Following on from their successful, and disturbing, efforts to pass resolutions on "combating defamation of religion" in the Human Rights Council and the UN General Assembly, members of the OIC last week launched attacks on Frank La Rue, the UN Special Rapporteur on the right to freedom of opinion and expression, and Navi Pillay, the High Commissioner for Human Rights.
As Brown reports, the attack on La Rue was unprecedented, as members of the OIC told him he "lacked competence" and had "exceeded his mandate" in advising the Human Rights Council on its work:
What had this respected lawyer done to incur such anger? In his report to the council he had failed to give priority to reporting on “abuses” of the right to freedom of expression (read: expressions of Islamophobia), the hot new requirement in his mandate forced through by the OIC in 2008. He had instead begun his three-year term by reporting on serious violations of freedom of expression: the 60 journalists murdered in 2008, and the 929 reported attacks on media professionals. He also addressed the links between extreme poverty, access to information and freedom of opinion and expression. In other words, he had been doing his job.While there is opposition to such activity from states such as the United States, Canada, the UK, Sweden and the Netherlands, Brown says "the voices of reason are now in a minority at the Human Rights Council". The OIC, backed by China, India and Russia, had only the week before helped to stifle criticism of Sri Lanka over the end of the war against the Tamil Tigers. Meanwhile, the High Commissioner for Human Rights was criticised by Pakistan for mentioning gay rights in a report, on the grounds that the Human Rights Council "has no agreed policy on homosexuality".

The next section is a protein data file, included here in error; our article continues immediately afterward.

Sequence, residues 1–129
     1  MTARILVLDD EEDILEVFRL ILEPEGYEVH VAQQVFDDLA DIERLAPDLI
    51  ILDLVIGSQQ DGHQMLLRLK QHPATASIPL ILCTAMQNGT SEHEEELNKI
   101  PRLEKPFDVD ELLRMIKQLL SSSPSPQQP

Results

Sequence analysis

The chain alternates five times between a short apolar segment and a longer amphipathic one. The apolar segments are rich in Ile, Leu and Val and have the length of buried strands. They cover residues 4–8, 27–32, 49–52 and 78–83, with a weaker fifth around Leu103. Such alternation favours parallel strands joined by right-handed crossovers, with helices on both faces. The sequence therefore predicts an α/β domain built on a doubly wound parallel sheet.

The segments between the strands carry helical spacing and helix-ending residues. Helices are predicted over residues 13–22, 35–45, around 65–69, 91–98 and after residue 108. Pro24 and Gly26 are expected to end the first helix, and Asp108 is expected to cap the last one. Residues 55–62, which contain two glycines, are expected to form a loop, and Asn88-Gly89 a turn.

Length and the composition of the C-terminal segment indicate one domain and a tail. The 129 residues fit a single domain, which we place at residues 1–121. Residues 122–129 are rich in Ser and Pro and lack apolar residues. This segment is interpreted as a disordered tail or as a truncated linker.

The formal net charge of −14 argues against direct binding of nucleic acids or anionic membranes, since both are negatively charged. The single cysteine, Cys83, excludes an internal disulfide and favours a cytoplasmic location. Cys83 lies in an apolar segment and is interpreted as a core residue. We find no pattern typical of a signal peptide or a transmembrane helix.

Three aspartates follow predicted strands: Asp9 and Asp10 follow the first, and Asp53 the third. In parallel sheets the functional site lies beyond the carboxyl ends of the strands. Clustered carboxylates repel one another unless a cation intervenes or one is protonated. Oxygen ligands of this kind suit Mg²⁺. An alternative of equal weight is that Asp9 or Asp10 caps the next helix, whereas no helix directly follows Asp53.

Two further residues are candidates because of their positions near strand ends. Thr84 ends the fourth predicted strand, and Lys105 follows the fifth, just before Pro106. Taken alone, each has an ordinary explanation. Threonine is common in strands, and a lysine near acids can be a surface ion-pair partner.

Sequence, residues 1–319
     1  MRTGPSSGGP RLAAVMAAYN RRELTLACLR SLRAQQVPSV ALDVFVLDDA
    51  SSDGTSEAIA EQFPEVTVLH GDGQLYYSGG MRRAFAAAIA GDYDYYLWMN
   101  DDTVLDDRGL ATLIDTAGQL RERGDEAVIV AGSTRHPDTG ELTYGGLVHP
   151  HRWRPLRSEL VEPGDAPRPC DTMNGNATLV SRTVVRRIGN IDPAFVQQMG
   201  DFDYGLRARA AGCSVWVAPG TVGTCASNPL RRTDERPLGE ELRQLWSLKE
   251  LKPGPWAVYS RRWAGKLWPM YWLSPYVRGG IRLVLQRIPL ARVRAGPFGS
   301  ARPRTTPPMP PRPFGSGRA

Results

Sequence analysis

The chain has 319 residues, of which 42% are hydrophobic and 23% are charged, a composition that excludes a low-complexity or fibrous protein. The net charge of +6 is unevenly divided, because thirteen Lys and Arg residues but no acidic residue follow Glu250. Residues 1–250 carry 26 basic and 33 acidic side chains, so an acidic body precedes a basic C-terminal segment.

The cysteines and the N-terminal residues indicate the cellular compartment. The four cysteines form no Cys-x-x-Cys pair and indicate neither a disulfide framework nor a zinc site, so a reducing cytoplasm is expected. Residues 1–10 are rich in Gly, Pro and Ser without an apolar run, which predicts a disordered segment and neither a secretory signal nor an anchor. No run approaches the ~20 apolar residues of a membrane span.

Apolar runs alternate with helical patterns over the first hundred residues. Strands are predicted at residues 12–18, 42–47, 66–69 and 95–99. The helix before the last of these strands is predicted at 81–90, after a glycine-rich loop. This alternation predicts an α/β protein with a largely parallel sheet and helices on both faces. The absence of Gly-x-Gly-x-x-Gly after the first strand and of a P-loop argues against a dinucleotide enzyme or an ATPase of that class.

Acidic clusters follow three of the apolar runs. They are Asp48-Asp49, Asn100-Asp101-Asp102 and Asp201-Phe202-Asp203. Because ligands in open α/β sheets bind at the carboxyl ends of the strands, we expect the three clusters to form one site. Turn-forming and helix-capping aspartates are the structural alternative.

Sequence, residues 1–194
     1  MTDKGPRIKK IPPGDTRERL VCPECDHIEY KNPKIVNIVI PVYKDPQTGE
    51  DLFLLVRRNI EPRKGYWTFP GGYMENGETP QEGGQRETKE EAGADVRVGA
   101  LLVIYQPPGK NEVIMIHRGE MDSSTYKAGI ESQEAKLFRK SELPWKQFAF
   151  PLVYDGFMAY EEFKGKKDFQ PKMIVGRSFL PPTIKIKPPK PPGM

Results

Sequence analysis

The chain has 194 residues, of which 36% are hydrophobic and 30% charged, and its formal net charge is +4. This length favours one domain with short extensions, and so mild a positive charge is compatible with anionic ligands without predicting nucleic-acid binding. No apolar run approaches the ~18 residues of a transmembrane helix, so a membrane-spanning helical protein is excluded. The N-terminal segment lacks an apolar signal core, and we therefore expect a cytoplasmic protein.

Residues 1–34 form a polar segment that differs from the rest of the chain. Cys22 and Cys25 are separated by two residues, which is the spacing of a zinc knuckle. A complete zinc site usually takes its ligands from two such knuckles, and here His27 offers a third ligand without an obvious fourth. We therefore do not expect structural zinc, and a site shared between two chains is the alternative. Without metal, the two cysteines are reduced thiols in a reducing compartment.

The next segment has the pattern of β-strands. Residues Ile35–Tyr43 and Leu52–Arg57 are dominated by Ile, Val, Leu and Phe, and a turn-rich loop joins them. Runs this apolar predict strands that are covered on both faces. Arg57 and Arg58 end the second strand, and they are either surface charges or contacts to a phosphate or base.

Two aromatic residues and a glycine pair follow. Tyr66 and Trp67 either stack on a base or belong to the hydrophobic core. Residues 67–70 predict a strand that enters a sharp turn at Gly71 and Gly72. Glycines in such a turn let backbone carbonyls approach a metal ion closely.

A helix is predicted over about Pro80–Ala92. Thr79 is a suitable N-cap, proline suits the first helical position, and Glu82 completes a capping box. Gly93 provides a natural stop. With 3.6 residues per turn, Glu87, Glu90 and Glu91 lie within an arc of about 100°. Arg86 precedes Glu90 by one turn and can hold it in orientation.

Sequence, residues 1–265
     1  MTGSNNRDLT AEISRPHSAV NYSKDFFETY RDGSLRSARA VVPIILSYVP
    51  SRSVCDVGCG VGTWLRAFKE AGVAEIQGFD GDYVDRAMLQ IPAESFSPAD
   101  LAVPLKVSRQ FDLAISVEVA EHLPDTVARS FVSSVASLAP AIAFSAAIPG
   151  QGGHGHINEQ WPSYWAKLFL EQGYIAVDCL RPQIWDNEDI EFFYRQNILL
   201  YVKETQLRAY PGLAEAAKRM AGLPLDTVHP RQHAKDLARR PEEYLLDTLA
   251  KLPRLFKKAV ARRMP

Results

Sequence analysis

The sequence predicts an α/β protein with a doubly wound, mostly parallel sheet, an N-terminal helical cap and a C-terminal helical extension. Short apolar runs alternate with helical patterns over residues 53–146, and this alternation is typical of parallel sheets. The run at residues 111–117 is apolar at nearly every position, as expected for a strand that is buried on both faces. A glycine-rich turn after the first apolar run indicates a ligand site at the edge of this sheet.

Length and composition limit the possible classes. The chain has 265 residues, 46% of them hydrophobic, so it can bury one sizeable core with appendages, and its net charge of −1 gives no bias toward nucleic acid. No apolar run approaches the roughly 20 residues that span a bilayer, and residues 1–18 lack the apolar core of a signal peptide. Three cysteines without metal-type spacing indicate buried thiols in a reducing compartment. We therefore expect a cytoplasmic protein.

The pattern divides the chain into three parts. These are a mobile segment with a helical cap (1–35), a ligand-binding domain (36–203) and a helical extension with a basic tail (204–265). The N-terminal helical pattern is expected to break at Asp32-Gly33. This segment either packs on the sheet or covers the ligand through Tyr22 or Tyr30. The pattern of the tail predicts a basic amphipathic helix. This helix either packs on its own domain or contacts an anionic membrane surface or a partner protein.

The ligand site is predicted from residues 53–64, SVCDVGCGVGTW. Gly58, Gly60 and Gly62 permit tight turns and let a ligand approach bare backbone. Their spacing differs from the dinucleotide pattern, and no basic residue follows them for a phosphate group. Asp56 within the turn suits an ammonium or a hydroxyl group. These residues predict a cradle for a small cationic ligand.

As Brown explains, all this has disturbing implications for free speech at the UN:
What is at stake here is more than limits on freedom of expression. What we are seeing is a direct challenge to the ability of the Human Rights Council and other UN human rights mechanisms to deal effectively with human rights abuse. When freedom to collect information and express opinions is restricted, then the ability to expose corruption, discrimination and human rights abuse is fatally weakened. Could this possibly be the real objective of the Islamic states and its allies?